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Victor Wembanyama and The Undying Legacies of Tony Parker

On a night that should have been all about one Frenchman, another came to mind

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NBA: Oklahoma City Thunder at San Antonio Spurs Scott Wachter-USA TODAY Sports

It was almost immediately obvious. The thousand yard stare, the furtive glances left and right, and then, a smile almost as wide and as glittering as the Champs-Élysées.

Enthusiasm. Real, honest-to-goodness enthusiasm poured like champagne from Victor Wembanyama, the Spurs’ presumptive heir to the throne of Timothy Theodore Duncan. For years, the royal court had grown silent in the neglect and abandonment of another franchise icon, but the downtrodden years had been rewarded by benevolent basketball deities, and now there was nothing left to do but smile.

And that’s exactly what Wembanyama did for the rest of the evening on camera, joy flowing out of him as unfettered as the river Seine, as he declared outspokenly that the universe had told him that this would be his fate, and talked in length about the special relationship that’s developed over the years between the French and the San Antonio Spurs.

Downing a celebratory drink or two, I reveled in the good fortune with a Spurs Twitter at its most euphorically united since Manu’s postseason block on James Harden, and then, noticing the telltale drooping of my daughter’s eyelids, carried her off to bed, blissfully distracted by the warmth of nighttime adieus and the hush of evening lullabies.

And as I laid there, completely still so as not to disturb the delicate alchemy of a child falling into a deep sleep, I found myself thinking about that smile.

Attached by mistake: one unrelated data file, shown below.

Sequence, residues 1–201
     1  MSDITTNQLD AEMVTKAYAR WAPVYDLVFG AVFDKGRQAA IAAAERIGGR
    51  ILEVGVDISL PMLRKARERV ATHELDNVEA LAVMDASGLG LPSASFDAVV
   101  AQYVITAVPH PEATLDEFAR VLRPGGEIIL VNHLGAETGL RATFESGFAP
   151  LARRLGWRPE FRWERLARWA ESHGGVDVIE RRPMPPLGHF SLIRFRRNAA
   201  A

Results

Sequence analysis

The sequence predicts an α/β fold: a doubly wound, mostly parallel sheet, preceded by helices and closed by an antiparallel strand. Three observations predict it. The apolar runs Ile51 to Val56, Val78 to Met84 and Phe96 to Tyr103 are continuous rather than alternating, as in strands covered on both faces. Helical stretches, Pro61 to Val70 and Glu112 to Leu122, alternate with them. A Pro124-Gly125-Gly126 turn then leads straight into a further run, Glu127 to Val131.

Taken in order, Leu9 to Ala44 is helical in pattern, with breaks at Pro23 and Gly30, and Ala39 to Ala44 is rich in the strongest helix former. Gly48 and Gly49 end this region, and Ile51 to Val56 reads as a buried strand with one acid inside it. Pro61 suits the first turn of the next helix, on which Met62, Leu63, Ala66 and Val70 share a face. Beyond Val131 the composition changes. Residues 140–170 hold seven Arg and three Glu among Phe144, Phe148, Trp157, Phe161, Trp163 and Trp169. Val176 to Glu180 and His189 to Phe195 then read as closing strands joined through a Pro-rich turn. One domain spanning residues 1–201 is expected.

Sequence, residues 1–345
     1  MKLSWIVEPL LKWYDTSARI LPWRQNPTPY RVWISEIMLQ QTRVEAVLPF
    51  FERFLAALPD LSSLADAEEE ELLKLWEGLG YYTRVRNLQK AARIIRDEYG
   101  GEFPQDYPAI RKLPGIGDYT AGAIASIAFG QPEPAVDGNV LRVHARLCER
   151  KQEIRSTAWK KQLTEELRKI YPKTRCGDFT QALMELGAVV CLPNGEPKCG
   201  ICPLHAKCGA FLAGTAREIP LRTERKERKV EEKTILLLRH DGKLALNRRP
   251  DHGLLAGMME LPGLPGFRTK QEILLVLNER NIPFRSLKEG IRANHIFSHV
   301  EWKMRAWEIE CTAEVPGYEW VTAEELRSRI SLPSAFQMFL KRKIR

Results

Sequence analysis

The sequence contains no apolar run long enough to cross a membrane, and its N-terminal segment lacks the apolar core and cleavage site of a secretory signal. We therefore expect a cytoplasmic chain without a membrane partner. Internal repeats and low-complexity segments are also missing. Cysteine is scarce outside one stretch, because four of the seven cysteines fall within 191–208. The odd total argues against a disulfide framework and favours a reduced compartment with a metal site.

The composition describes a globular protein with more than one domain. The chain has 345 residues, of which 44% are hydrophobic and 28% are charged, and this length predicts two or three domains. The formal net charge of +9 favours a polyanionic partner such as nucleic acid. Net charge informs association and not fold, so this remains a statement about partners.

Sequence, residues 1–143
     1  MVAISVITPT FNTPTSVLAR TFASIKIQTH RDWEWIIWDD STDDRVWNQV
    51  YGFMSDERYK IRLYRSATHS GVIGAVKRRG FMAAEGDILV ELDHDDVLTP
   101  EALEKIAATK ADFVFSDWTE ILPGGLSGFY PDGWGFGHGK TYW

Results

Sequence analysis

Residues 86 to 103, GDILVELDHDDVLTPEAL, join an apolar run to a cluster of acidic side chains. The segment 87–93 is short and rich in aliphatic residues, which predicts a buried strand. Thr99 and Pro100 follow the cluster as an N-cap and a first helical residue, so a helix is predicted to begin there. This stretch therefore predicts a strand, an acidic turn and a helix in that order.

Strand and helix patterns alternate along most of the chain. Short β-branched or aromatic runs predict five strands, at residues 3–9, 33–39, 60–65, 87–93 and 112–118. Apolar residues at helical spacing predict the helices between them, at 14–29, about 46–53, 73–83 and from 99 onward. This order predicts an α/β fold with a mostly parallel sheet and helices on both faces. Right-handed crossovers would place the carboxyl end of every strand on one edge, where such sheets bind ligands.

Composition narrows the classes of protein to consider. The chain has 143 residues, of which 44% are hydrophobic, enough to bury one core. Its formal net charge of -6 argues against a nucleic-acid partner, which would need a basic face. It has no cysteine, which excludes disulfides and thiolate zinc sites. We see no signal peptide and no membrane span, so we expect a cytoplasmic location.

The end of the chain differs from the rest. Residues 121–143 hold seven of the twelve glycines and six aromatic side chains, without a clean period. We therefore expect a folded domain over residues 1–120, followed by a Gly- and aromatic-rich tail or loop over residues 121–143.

It was such a foreign thing. So strange in the wake of “Yeah, for sure,” and Tim Duncan’s on-court demeanor. Not that Spurs players don’t historically smile, it’s just that it usually accompanies a monumental victory; the kind of joy that accompanies a successful title run.

And Victor Wembanyama had been smiling just like that. He hadn’t even been drafted yet, but his elation couldn’t be any more unmistakable.

Didn’t he know where he was going? Barring a generational display of madness from the Spurs front office, he’s headed for San Antonio, a small market land of (per Charles Barkley) churros and unprepossessing women.

Don’t get me wrong, I’ve always liked San Antonio. All my life it’s stood as a glaring sort of opposite to nearby Austin, and that’s something to be greatly appreciated. But I’ve also seen them drain the Riverwalk, and that’ll stick with me to my dying day.

Who on earth had convinced this charismatically goofy (yet competitive) French kid that San Antonio was a basketball paradise?

And then I started to think about Tony Parker. I mean, it was so obvious. From ‘21 to ‘22, Victor had played for ASVEL, the French Basketball team owned by Parker. Obviously Parker’s smart enough to get a good word or two in about the Spurs, right?

But then, why would he?

For as long as Tony was a member of the San Antonio Spurs, he was always the easy target. Sandwiched between Duncan’s iconic presence and Manu Ginóbili’s reverberating otherness, Tony felt pedestrian somehow.

On the one hand, that’s a pretty incredible tribute to the quality of the other players on the team. On the other hand, it’s a mark of just how misunderstood Parker was by the fan-base for much of his tenure. It’s hard to imagine now, but in those early, heady days of internet message boards, he was often the subject of major trade proposals.

To be fair, in the early years Parker was inconsistent. He struggled against great point guards of the era like Jason Kidd and Steve Nash, and most unhappily, against the solid yet unspectacular Lakers’ specialist, Derek Fisher. He was taken to task for his defense, for his lack of a dependable shot, for being undersized, and even for his flashier sense of style. And then, incredibly, for his engagement (and eventual marriage) to Eva Longoria. I can even remember him being accused by some of robbing Tim Duncan of the 2007 Finals MVP with his ‘selfish’ offensive display in that series.

Then there was the rap album. And the very public divorce. And the rumors of infidelity and conflict with teammates. And the moments where some fans would join in with visiting fans to jeer the failure of his marriage.